Tom Reilly has been mocked, vilified, challenged to a duel and threatened with death for waging a one-man campaign to rehabilitate the greatest villain in Ireland’s history.
Reilly’s contention that Ireland needs to rewrite its history books appears all the more quixotic because he is from Drogheda, the County Louth town and site of Cromwell’s most infamous slaughter.
“We should apologise to Cromwell’s family for blackening his name, for making him a monster,” Reilly, 62, said last week. “We are teaching our children propaganda that perpetuates anti-English prejudice.”
The Puritan leader is, in fact, about to come under renewed scrutiny. Oxford University Press will publish The Letters, Writings, and Speeches of Oliver Cromwell, a multi-volume tome of more than 1,000 texts written and edited by leading British and Irish historians.
Drawing on new material and recovered originals, it re-establishes Cromwell’s authentic voice, said Micheál Ó Siochrú, a Trinity College Dublin historian who was part of the academic team: “It’s a lot of detective work to get back to Cromwell’s voice. What emerges is much more the real Cromwell. We see the man for all his complexities. He’s very blunt. He often says what he’s doing and why he’s doing it.”
The MP-turned-general, a polarising figure in Britain where he is viewed both as a tyrant and a hero, combined English nationalism with religious fanaticism, said Ó Siochrú, author of God’s Executioner: Oliver Cromwell and the Conquest of Ireland: “If you believe you are God’s agent that justifies any kind of behaviour. In Ireland, his soldiers effectively committed genocide.”
Academic and diplomatic luminaries including Britain’s ambassador to Ireland, Paul Johnston, will mark the Oxford volume’s launch with a roundtable discussion at Trinity College.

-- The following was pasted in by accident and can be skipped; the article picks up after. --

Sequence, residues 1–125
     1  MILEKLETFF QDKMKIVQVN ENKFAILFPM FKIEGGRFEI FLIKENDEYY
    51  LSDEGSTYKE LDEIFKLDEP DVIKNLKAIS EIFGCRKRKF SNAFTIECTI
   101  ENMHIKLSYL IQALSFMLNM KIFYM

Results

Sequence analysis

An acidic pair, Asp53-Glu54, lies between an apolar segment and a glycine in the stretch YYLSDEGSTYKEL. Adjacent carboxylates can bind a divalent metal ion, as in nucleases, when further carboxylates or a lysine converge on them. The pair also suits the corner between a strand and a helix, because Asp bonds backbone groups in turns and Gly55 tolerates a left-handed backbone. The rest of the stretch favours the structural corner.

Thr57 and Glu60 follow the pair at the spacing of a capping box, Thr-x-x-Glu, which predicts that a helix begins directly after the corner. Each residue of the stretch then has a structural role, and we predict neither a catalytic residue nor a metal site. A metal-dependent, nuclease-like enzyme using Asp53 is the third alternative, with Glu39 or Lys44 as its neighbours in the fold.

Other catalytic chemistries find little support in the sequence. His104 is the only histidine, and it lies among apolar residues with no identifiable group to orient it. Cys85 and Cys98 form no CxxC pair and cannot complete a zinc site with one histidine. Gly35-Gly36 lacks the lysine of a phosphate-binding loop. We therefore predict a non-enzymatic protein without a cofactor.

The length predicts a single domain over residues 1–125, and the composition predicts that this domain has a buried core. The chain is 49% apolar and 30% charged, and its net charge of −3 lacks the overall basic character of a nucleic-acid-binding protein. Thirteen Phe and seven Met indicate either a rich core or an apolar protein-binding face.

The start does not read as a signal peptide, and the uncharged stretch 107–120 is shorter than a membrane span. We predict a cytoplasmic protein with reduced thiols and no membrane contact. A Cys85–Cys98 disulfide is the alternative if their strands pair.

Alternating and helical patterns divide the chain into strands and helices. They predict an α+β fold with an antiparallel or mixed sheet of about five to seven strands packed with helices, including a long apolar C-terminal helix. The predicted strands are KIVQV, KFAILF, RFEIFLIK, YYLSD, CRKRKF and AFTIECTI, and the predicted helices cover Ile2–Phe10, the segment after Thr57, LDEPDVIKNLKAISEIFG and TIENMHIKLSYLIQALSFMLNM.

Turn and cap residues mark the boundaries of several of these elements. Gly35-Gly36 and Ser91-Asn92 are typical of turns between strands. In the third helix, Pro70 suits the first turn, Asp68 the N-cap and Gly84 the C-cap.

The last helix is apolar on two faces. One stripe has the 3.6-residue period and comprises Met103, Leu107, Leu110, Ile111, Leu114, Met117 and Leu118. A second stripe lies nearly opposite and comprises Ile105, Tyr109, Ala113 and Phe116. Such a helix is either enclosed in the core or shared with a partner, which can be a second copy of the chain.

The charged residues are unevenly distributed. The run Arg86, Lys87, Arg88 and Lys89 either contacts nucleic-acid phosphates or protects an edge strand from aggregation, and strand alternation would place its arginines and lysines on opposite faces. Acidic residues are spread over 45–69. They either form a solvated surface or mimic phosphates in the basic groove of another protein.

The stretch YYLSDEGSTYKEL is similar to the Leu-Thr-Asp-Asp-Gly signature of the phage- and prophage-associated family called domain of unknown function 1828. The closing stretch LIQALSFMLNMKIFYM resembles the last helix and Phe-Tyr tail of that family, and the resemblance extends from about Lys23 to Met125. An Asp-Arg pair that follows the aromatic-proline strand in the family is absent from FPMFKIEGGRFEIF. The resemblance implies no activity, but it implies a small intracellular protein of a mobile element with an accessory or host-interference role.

Reilly, who has written four books on Cromwell, has not been invited. Some mainstream historians consider Cromwell’s Irish defender a stubborn, blinkered gadfly.
But Reilly, a former newspaper columnist who manages a castle, is not giving up on his quest to vindicate the Lord Protector, no matter the cost. His obsession has brought scorn – “there are people on the street who will point and laugh” – and occasional threats. An anonymous letter threatened to burn down his house with his family inside. “I think about that sometimes in the wee hours of the morning when I hear a creak,” he said.
In 2000, Reilly triggered uproar when he arranged for Cromwell’s death mask to be displayed at a Drogheda heritage centre with the tagline “He’s back!”. The then deputy mayor, Frank Godfrey, challenged him to a duel.
“There is no one more Irish than I am,” said Reilly. “But a miscarriage of justice is a miscarriage of justice. Cromwell is a convenient bogeyman. He was an honourable enemy.” Cromwell led an army across the Irish Sea to quell an alliance of insurgent royalists and Irish Catholics in 1649-1650. The invaders killed thousands of people in Drogheda, Wexford and other towns and displaced much of Ireland’s population, leading to famine, disease and bitter folk memories that endure centuries later.
Reilly, who has spent 30 years trawling primary sources, does not dispute the widespread bloodshed, or notorious details such as a Drogheda defender being beaten to death with his wooden leg. However, he says Cromwell’s troops spared civilians and killed almost exclusively enemy combatants – some in battle, most after they had surrendered, a brutal policy but in keeping with the era’s code of war.
Reilly says Irish history books conflate executed combatants with “inhabitants”, implying they were civilians: “It’s wrong. It drives me crazy.” He has expounded his thesis in three non-fiction books – Cromwell at Drogheda, Cromwell: an Honourable Enemy, Cromwell Was Framed – and a novel, The Protector, published earlier this year.
Academics have accused Reilly, who failed history in secondary school, of hero worship and overlooking evidence that civilians were massacred and that the wholesale execution of captured soldiers was extreme even by 17th century standards.
Reilly is unabashed: “They closed ranks when they saw this pugnacious amateur taking them on. If I’m ever proven wrong I’ll shut up and get off the stage.” His books’ modest sales – a few thousand copies, combined – and enthusiastic online reviews are not enough, says Reilly.
“The message isn’t getting through,” he said. He plans to chronicle his struggle to absolve Cromwell in a memoir, titled Making a Massacre. He nurtures hopes of a documentary: “I know I’m right. I think my work will become mainstream.”